Outside the Box Thinking Propels Orange Township’s Continued Crime Decrease


Orange Township In Essex County, New Jersey, holds a unique position among the other municipalities in one of the state’s most diverse and populous counties.  Smack in he middle of suburban opulence, bourgeois coteries and urban grittiness,  the township not only possesses the characteristics of many of its neighbors. Orange is an amalgamation of all of the above.

Unfettered access to I-280, quick accessibility to the Garden State Parkway, the Turnpike and half a dozen other highways, makes Orange a bustling throughway as well as a dynamic port of call for tens of thousands of people every day.

With 30,000 residents squeezed into 2.2 square miles, geography isn’t the only thing that gives Orange its inimitable character.  The township’s distinctive city/suburban profile also presents some unique policing challenges.

Like other New Jersey municipalities, shrinking budgets, cuts and attrition have taken a toll on the manpower available to the Orange Police Department. Unfortunately, criminals rarely cede to municipal budgetary constraints, so innovative police departments have to find ways to compensate.

“We try to employ a holistic approach to police work,” Orange police director, Hakim Sims, explained. “In addition to combining car and foot patrols, we also strategize and work with other agencies in order to make the most efficient and effective use of our resources.”

In a recent collaborative effort with NJ Transit, Orange detectives nabbed an offender who had committed cell phone robberies near the Orange Train Station.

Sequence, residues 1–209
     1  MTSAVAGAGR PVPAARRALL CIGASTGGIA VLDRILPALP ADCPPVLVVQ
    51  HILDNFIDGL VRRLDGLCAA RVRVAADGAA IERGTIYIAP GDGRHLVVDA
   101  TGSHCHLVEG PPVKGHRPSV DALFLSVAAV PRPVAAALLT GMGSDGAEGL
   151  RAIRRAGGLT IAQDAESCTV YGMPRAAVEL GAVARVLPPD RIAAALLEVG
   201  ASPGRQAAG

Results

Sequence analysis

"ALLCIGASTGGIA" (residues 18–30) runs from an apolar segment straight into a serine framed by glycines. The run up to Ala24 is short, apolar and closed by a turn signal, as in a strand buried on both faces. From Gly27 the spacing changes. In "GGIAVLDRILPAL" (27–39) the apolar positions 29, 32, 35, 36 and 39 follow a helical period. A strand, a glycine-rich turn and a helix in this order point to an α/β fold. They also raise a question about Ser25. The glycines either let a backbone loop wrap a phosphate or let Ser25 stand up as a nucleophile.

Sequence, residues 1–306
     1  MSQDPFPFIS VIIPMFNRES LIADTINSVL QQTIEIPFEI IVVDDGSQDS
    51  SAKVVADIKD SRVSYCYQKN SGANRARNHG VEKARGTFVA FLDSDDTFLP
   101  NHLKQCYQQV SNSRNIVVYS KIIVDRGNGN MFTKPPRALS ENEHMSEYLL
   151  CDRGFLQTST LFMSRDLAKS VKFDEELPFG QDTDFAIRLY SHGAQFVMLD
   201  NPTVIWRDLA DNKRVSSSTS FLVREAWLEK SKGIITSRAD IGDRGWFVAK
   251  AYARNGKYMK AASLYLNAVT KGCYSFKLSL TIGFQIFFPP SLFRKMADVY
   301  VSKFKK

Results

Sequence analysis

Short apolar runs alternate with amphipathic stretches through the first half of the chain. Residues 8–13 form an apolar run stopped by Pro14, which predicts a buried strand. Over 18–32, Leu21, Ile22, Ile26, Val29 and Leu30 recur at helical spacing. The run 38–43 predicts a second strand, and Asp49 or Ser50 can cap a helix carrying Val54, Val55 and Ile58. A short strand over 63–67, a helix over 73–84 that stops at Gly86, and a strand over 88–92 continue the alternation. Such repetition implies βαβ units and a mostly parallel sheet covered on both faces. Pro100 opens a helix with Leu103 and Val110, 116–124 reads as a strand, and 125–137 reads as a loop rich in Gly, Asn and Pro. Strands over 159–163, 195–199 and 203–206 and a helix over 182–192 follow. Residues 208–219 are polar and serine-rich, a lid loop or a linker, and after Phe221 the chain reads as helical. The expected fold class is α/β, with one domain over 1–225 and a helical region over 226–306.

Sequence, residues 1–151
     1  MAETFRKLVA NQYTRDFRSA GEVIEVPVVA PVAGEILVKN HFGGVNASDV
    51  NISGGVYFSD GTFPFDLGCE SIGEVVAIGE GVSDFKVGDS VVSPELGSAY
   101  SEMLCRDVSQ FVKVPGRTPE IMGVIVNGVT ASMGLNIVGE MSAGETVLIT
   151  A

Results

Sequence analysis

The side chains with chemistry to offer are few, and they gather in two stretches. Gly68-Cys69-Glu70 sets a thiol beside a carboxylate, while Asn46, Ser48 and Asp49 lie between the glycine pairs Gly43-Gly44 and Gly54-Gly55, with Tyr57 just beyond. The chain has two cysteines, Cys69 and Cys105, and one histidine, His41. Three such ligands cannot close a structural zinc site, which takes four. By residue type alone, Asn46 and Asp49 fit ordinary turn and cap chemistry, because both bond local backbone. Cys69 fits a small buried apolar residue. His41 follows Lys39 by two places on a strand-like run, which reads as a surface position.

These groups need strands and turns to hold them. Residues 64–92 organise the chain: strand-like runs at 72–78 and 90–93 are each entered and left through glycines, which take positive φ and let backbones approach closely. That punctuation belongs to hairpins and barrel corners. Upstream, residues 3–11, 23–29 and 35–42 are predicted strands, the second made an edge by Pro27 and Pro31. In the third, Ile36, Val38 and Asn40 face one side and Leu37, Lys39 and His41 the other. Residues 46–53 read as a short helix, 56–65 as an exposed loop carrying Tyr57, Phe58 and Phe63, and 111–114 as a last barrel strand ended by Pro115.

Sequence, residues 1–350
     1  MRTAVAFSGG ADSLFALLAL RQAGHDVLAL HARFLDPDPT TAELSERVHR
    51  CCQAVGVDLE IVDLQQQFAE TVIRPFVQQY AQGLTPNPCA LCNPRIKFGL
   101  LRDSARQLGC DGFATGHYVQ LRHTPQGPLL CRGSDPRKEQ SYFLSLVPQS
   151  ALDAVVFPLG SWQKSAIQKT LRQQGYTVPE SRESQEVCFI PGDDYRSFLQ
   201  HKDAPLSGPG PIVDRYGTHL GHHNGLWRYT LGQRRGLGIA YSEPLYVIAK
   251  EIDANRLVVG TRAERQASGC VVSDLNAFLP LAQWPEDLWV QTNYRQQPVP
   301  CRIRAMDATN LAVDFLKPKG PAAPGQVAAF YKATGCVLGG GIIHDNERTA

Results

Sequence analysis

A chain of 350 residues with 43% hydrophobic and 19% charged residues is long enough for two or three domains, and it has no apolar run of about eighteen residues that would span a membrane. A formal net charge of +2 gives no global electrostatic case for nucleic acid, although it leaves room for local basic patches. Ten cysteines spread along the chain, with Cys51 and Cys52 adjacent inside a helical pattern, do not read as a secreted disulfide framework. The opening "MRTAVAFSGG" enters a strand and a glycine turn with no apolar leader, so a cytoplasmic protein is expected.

At a time when neighboring towns have seen an increase in crime, particularly violent crime, Orange’s rates have dropped significantly. The decrease is due in large part to the township’s S.T.R.I.K.E (Secure, Track and Remove Inner-Orange crime Keeping Everyone safe) initiative. The cumbersome acronym notwithstanding, it has proven to be a very effective program.

More frequent patrols combined with more effective inter-agency collaboration and increased cameras have been the crux of S.T.R.I.K.E.’s success.

The Orange anti-crime strategy also included altering the logistical landscape of the township. By converting certain streets in high crime areas to one-way thoroughfares, the police can better monitor, control and safeguard those problem areas.

“Like departments all over the country, we have to be innovative and creative in how we fight crime,” Sims said. “But at the end of the day, the thing we ultimately hang our hats on is the courage and tenacity within this police department.”

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